“Improving the ecological management of these hundreds of millions of acres, farmers and ranchers can be catalysts for sequestering carbon, better managing fresh water, reducing typical greenhouse gas emissions and building soil health, which all benefit society at large,” said Dr. Jason Rowntree, professor of Sustainable Agriculture at Michigan State University and project co-lead. “In addition, applying these core agricultural principles also helps producers be more sustainable and profitable, ensuring they can leave a legacy of healthy land and brighter futures for their children. It’s a win-win.”

The project is exploring why some producers adopt soil health building principles, such as adaptive grazing management, while others do not. It is also examining social and economic sustainability (commonly called producer well-being), which have rarely been studied in agriculture, or in particular, livestock agriculture. Anecdotally, producers report that their profitability and/or quality of life improve when they adaptively manage their assets, including the soil, plants and grazing animals, according to Rowntree.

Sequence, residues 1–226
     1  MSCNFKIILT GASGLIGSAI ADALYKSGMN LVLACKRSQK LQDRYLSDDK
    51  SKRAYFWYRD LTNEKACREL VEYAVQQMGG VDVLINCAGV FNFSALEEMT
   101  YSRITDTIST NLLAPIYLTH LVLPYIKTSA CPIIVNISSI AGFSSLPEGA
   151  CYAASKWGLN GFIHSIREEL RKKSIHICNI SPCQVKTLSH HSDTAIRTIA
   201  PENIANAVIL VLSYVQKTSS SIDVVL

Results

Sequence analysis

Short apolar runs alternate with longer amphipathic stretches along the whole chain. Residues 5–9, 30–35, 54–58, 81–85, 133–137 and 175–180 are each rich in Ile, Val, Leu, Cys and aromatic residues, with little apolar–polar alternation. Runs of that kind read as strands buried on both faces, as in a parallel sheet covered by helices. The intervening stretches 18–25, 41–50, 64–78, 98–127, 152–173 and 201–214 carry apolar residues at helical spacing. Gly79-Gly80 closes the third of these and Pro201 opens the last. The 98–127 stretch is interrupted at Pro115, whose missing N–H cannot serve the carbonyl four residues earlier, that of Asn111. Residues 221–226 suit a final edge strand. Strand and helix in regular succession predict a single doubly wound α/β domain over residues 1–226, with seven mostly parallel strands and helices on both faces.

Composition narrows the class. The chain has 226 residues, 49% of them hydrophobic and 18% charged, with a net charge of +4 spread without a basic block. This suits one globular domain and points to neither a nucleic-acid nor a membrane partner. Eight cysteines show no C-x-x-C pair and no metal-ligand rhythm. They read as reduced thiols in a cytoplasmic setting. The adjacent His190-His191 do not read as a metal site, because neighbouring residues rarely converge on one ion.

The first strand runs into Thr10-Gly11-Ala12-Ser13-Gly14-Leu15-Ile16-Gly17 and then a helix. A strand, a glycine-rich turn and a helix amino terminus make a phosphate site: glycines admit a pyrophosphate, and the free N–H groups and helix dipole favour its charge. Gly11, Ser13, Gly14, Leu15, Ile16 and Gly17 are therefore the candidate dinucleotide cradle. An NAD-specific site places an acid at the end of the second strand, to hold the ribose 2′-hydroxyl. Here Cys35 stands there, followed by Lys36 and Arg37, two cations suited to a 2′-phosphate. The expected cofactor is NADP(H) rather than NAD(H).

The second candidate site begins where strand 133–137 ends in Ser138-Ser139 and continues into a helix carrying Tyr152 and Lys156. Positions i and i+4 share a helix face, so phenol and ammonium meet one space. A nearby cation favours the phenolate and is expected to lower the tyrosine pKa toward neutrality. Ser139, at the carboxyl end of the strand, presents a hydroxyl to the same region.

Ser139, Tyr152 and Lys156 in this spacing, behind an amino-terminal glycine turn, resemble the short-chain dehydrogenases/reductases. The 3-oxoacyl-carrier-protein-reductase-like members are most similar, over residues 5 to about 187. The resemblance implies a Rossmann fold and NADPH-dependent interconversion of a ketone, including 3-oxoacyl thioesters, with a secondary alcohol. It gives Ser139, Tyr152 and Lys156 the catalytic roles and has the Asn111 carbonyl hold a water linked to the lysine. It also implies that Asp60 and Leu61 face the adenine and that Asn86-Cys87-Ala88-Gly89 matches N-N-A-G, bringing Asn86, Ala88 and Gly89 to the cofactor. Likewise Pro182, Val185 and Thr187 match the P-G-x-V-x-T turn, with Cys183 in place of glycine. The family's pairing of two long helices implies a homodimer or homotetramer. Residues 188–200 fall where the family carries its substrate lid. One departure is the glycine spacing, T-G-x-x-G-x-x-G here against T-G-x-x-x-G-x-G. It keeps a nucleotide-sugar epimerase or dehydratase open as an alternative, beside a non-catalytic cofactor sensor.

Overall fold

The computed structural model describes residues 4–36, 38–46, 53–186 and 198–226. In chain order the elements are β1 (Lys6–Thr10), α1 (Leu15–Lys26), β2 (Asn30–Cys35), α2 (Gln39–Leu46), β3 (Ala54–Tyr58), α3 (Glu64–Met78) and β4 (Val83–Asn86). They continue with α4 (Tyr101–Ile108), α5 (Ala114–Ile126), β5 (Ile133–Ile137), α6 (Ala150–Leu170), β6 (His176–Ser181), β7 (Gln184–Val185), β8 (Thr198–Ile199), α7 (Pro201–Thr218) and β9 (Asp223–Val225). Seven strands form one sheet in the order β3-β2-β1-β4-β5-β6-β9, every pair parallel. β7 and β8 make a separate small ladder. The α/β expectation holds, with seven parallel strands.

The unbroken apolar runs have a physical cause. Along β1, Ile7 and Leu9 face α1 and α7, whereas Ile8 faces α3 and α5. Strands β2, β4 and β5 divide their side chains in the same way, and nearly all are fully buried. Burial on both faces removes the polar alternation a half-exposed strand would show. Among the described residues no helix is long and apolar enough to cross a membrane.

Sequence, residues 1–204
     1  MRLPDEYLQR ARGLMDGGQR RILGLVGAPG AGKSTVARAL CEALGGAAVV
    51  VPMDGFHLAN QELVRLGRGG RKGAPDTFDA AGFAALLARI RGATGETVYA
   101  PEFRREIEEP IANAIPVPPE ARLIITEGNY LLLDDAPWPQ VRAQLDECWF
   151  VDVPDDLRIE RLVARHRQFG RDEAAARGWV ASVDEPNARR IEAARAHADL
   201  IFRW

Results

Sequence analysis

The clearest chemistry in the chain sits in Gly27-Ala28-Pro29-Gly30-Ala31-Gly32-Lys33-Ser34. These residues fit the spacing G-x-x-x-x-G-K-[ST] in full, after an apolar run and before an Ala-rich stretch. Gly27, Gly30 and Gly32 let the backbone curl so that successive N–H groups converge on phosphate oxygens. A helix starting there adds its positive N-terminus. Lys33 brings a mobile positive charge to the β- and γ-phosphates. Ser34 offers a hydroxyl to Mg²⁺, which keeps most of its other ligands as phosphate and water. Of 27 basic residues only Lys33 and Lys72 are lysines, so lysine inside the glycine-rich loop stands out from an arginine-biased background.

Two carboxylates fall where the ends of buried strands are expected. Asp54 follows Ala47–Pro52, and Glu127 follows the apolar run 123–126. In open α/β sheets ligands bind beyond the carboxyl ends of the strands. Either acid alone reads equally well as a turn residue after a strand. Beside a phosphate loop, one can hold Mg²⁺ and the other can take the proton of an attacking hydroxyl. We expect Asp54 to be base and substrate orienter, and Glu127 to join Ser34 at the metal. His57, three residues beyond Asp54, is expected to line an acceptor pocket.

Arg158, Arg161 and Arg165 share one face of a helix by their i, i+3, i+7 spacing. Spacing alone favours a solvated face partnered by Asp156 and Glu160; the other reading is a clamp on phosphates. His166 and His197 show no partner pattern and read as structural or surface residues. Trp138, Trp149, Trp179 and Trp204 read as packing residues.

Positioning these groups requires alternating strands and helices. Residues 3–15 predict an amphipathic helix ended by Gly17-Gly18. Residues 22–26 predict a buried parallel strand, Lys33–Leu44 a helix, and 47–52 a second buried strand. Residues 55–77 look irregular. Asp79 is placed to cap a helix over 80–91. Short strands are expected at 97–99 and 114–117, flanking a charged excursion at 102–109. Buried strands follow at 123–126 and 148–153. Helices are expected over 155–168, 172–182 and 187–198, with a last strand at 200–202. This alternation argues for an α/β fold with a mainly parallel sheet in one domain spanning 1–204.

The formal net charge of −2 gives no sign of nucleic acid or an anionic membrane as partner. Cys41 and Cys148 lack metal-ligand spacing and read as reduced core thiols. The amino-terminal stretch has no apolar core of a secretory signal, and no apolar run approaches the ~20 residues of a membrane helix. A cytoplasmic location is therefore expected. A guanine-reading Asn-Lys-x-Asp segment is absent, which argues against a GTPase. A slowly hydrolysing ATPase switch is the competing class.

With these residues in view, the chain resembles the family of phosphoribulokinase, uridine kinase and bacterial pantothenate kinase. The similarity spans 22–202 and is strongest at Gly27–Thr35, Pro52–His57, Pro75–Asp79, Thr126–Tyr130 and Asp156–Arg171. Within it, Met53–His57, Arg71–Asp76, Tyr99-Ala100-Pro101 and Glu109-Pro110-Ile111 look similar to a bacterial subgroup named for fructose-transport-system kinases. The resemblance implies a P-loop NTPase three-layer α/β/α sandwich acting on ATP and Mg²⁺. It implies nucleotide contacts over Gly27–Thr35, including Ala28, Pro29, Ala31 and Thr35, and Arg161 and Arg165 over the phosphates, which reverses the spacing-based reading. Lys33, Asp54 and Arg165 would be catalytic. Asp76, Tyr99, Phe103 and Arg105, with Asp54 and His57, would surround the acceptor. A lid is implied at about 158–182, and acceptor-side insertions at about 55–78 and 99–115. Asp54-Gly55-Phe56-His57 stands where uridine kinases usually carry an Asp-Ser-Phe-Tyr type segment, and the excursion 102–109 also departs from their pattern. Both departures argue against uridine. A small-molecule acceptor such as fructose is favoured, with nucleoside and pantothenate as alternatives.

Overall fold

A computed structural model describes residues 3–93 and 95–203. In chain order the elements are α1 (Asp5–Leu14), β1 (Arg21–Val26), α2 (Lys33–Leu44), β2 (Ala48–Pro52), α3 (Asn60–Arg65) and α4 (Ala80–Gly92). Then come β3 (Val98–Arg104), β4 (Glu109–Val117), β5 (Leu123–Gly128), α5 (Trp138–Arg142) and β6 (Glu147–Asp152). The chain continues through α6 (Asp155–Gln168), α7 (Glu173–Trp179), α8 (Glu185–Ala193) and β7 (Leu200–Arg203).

Colleen Klemczewski
Foundation for Food and Agriculture Research
Phone: 574.386.0658

Adam Calaway
Noble Research Institute
Phone: 580-224-6209

10 Nov 2021

Thanksgiving Product Availability

Thanksgiving Product Availability

We’re proud to offer generatively grown vegetables, pasture raised meats and eggs to your family all year long, especially around the holidays. Please note that small numbers of eggs will be available for in-store shopping, but pre-orders are not available for eggs this year. We apologize for the inconvenience.

Even if you haven’t pre-ordered a Thanksgiving turkey, you’re welcome to place a pre-order for Thanksgiving week.

Farmstore hours Thanksgiving week:
Monday November 21: 12pm – 6pm
Tuesday November 22: 8am – 5pm